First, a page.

Now all roads lead to France and heavy is the tread
Of the living; but the dead returning lightly dance.
Edward Thomas, Roads

Sunday, December 22, 2013

Alfred Bastien's Panorama de l'Yser

With this article we begin presenting a new series on World War I murals from around the world.

Alfred Bastien's Panorama de l'Yser

Contributed by Tony Langley

Alfred Bastien was a well known and successful Belgian artist prior to the Great War. He helped complete the successful Panorama du Congo, exhibited at the 1913 Ghent World Fair, which was a prequel of sorts to his grand postwar Panorama de l'Yser, undoubtedly his most famous and acclaimed work, if not the most artistically accomplished.

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After serving in the Garde Civique like many other Belgians, Bastien fled to Great Britain after the fall of Antwerp in October 1914 and despite his age (43) volunteered for the Belgian Army. He was eventually transferred to the Section Artistique in Nieuwpoort along with many of his prewar artist friends and acquaintances. From 1915 onward, he made many drawings and sketches of the situation on and behind the Belgian lines on the Yser river. The British wartime magazine Illustrated War News, among others, regularly published his work, quite often in distinctive and semi-panoramic, multi-color two-page spreads, of which several are shown above. In 1917, on personal request by Lord Beaverbrook, who owned several of Bastien's prewar paintings, he was seconded to the Canadian Army until September 1918, during which time he produced many works of art specifically related to the Canadian war experience.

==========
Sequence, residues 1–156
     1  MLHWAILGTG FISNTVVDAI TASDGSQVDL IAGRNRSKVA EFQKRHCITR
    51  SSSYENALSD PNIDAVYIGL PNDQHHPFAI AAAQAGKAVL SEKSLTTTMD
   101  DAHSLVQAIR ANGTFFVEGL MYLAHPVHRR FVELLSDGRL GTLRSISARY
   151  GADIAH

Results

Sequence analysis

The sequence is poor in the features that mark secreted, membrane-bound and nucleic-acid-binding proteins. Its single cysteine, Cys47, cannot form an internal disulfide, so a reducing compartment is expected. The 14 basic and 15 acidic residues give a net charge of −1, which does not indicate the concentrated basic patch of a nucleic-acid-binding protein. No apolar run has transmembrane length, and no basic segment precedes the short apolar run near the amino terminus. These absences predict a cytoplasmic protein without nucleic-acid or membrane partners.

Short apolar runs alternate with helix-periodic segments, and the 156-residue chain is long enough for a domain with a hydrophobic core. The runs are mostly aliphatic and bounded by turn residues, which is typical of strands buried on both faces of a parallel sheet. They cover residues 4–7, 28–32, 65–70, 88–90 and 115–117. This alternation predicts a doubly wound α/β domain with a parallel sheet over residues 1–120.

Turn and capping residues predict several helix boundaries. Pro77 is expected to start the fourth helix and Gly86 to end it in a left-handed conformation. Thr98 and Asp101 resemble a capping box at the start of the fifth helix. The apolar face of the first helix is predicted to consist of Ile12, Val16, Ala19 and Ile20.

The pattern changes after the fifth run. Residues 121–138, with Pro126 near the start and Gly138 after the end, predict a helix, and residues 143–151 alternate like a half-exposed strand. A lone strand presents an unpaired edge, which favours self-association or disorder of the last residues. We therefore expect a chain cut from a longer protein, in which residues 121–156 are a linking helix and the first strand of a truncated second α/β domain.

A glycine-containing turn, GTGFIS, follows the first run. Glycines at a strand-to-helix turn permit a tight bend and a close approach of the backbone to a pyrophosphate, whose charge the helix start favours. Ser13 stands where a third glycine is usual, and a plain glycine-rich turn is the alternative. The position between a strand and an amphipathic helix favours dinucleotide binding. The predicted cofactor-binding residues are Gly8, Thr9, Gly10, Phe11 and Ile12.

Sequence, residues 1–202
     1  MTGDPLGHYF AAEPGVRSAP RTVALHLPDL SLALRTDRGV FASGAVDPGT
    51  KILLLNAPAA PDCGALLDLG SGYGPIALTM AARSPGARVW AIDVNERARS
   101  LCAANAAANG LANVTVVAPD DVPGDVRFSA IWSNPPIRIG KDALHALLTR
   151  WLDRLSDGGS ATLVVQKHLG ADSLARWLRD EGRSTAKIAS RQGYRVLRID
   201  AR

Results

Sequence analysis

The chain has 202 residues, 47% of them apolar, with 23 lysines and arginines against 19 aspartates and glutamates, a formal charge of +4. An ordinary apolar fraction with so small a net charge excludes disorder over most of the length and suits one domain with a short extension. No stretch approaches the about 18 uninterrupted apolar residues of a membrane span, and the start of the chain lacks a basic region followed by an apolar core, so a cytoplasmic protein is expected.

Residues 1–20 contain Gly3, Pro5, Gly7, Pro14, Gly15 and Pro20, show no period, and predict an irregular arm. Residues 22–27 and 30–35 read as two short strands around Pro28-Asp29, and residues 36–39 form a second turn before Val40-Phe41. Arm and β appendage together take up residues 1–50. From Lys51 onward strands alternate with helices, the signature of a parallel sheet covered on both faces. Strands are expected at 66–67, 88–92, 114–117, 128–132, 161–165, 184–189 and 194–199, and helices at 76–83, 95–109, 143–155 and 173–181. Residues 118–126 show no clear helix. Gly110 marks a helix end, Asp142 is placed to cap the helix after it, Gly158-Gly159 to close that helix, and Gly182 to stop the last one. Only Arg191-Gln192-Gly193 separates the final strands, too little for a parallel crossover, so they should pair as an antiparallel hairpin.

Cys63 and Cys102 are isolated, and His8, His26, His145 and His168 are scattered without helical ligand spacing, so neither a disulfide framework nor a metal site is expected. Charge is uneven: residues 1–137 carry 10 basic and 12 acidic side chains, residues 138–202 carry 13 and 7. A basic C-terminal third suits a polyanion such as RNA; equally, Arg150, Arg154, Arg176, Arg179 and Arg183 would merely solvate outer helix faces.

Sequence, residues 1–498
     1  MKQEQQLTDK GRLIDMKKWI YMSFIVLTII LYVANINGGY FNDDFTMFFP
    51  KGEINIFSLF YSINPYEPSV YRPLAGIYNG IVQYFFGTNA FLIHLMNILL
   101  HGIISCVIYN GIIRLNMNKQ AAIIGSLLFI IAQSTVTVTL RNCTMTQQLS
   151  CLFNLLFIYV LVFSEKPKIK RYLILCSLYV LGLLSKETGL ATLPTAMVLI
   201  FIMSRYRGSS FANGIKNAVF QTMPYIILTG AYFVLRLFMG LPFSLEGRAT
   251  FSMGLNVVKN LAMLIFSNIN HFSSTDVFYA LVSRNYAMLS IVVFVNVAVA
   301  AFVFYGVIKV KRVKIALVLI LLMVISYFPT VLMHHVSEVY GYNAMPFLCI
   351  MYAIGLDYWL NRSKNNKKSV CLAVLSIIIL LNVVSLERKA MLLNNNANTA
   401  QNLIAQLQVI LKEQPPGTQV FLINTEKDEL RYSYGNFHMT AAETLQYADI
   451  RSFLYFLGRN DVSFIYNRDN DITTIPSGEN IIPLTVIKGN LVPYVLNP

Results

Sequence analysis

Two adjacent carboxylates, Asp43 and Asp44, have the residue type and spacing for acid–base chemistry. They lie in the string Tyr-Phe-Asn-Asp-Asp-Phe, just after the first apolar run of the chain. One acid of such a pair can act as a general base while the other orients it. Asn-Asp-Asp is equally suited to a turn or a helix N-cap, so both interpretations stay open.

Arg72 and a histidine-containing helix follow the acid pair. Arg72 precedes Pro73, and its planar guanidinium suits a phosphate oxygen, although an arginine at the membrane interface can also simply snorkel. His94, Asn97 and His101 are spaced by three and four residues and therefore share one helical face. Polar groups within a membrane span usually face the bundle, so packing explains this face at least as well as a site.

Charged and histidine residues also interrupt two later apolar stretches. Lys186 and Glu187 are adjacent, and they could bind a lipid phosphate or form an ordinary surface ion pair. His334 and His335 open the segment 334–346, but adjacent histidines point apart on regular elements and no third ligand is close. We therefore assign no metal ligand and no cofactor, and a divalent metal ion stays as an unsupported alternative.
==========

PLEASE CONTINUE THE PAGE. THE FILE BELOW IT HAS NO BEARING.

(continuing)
After the war, Alfred Bastien painted a grand panorama of the Yser Front in 19th-century tradition, a project he had been planning since 1914 and which, according to his own telling, had been suggested to him by King Albert in 1914. During his wartime service in the Belgian Army Bastien made many sketches, drawings, and photos that were later either incorporated into the Panorama itself or were useful studies in technique and effects. Several of such drawings are shown above. The Panorama de l'Yser painting itself measured 115 meters in length and 14 meters in height and was initially exhibited in Brussels. In the mid 1920s, a permanent building was constructed in Ostend to house the Panorama along with a multitude of props and decor. The intention of moving the Panorama to Ostend was to capture a share of British "war-tourism," since most British coming to visit relatives' war graves arrived by steamer in Ostend before proceeding to the area of the Ypres Salient. The Panorama opened at Ostend in 1926. Here are four details from the mural.